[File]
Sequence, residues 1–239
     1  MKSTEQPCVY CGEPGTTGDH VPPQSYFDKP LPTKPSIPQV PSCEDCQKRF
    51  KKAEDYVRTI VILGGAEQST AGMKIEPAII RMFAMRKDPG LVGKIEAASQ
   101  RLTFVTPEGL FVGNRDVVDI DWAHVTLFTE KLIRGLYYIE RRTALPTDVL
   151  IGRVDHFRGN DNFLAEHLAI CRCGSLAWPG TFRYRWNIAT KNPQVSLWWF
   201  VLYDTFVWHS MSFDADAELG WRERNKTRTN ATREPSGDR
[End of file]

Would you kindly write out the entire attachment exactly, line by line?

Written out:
Sequence, residues 1–239
     1  MKSTEQPCVY CGEPGTTGDH VPPQSYFDKP LPTKPSIPQV PSCEDCQKRF
    51  KKAEDYVRTI VILGGAEQST AGMKIEPAII RMFAMRKDPG LVGKIEAASQ
   101  RLTFVTPEGL FVGNRDVVDI DWAHVTLFTE KLIRGLYYIE RRTALPTDVL
   151  IGRVDHFRGN DNFLAEHLAI CRCGSLAWPG TFRYRWNIAT KNPQVSLWWF
   201  VLYDTFVWHS MSFDADAELG WRERNKTRTN ATREPSGDR